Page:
|US5527338||9 Dec 1993||18 Jun 1996||Board Of Regents, The University Of Texas System||Intravascular device|
|US5614204||23 Jan 1995||25 Mar 1997||The Regents Of The University Of California||Angiographic vascular occlusion agents and a method for hemostatic occlusion|
|US5634936||6 Feb 1995||3 Jun 1997||Scimed Life Systems, Inc.||Device for closing a septal defect|
|US5643292||10 Jan 1995||1 Jul 1997||Applied Medical Resources Corporation||Percutaneous suturing device|
|US5669933||17 Jul 1996||23 Sep 1997||Nitinol Medical Technologies, Inc.||Removable embolus blood clot filter|
|US5693067||12 Jun 1996||2 Dec 1997||Board Of Regents, The University Of Texas System||Intravascular device|
|US5702421||11 Jan 1996||30 Dec 1997||Schneidt; Bernhard||Closure device for closing a vascular opening, such as patent ductus arteriosus|
|US5709224||7 Jun 1995||20 Jan 1998||Radiotherapeutics Corporation||Method and device for permanent vessel occlusion|
|US5709707||19 Nov 1996||20 Jan 1998||Children's Medical Center Corporation||Self-centering umbrella-type septal closure device|
|US5725552||14 May 1996||10 Mar 1998||Aga Medical Corporation||Percutaneous catheter directed intravascular occlusion devices|
|US5725568||27 Jun 1995||10 Mar 1998||Scimed Life Systems, Inc.||Method and device for recanalizing and grafting arteries|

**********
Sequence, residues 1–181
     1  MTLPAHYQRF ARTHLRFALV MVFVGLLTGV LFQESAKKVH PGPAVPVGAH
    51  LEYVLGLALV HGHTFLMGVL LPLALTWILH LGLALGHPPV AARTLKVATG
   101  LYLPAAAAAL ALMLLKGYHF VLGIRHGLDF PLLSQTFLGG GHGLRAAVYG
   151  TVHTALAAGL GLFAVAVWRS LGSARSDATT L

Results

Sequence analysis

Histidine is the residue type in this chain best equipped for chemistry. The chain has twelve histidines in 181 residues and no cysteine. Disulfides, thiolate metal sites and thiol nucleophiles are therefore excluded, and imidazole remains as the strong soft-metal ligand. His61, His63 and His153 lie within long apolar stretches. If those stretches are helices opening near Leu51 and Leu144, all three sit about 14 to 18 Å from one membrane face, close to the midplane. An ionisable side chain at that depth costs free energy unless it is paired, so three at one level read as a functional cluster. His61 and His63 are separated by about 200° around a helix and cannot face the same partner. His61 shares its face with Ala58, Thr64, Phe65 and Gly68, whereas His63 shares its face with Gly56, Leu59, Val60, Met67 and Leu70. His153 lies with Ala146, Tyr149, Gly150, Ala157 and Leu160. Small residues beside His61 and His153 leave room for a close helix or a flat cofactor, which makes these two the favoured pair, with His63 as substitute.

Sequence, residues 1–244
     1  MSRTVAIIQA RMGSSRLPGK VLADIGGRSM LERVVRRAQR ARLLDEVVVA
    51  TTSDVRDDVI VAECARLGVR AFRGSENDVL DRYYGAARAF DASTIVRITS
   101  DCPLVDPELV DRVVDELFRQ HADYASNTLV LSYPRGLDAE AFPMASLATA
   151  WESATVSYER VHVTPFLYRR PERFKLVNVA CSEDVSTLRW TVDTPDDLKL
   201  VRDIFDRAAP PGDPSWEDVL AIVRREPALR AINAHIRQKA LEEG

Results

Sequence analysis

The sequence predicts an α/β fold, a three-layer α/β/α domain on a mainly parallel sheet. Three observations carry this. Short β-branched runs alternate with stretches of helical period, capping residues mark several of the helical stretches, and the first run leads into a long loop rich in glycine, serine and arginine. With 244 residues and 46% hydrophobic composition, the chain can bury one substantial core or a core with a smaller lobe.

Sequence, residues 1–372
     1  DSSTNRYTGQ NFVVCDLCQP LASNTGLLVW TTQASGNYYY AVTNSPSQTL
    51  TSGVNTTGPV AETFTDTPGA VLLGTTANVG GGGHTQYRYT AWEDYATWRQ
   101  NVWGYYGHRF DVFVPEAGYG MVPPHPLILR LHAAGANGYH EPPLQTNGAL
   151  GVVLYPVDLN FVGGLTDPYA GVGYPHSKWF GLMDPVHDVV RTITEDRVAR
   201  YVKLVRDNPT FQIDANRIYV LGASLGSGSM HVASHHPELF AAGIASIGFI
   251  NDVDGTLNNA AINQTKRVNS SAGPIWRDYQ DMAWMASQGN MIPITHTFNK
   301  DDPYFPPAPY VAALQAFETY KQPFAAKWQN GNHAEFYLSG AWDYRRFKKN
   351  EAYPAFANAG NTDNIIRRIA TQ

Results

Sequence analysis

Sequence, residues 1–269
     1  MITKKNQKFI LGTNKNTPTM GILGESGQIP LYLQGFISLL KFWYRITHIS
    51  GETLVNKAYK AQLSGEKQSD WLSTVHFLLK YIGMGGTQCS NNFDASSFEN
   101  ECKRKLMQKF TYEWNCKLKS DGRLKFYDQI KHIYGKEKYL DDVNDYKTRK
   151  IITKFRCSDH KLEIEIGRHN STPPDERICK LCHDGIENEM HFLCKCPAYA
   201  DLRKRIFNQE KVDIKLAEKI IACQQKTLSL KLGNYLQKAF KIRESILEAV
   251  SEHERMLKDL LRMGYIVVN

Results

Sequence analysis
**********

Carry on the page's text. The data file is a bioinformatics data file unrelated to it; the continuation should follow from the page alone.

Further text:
|US5733294||28 Feb 1996||31 Mar 1998||B. Braun Medical, Inc.||Self expanding cardiovascular occlusion device, method of using and method of making the same|
|US5735290||28 Jul 1994||7 Apr 1998||Heartport, Inc.||Methods and systems for performing thoracoscopic coronary bypass and other procedures|
|US5749894||18 Jan 1996||12 May 1998||Target Therapeutics, Inc.||Aneurysm closure method|
|US5766219||13 Feb 1997||16 Jun 1998||Musc Foundation For Research Development||Anatomically shaped vasoocclusive device and method for deploying same|
|US5776097||19 Dec 1996||7 Jul 1998||University Of California At Los Angeles||Method and device for treating intracranial vascular aneurysms|
|US5782860||11 Feb 1997||21 Jul 1998||Biointerventional Corporation||Closure device for percutaneous occlusion of puncture sites and tracts in the human body and method|
|US5830228||29 May 1996||3 Nov 1998||Urosurge, Inc.||Methods and systems for deployment of a detachable balloon at a target site in vivo|
|US5836968||16 Jul 1997||17 Nov 1998||Nitinol Medical Technologies, Inc.||Removable embolus blood clot filter|
|US5843118||27 Feb 1997||1 Dec 1998||Target Therapeutics, Inc.||Fibered micro vaso-occlusive devices|
|US5849005||16 Jan 1996||15 Dec 1998||Heartport, Inc.||Method and apparatus for minimizing the risk of air embolism when performing a procedure in a patient's thoracic cavity|
|US5853422||23 Sep 1997||29 Dec 1998||Scimed Life Systems, Inc.||Apparatus and method for closing a septal defect|
|US5865791||23 Jun 1997||2 Feb 1999||E.P. Technologies Inc.||Atrial appendage stasis reduction procedure and devices|
|US5879366||20 Dec 1996||9 Mar 1999||W.L. Gore & Associates, Inc.||Self-expanding defect closure device and method of making and using|
|US5891558||21 Nov 1996||6 Apr 1999||Tissue Engineering, Inc.||Biopolymer foams for use in tissue repair and reconstruction|
|US5904680 *||13 Nov 1995||18 May 1999||Ep Technologies, Inc.||Multiple electrode support structures having optimal bio-mechanical characteristics|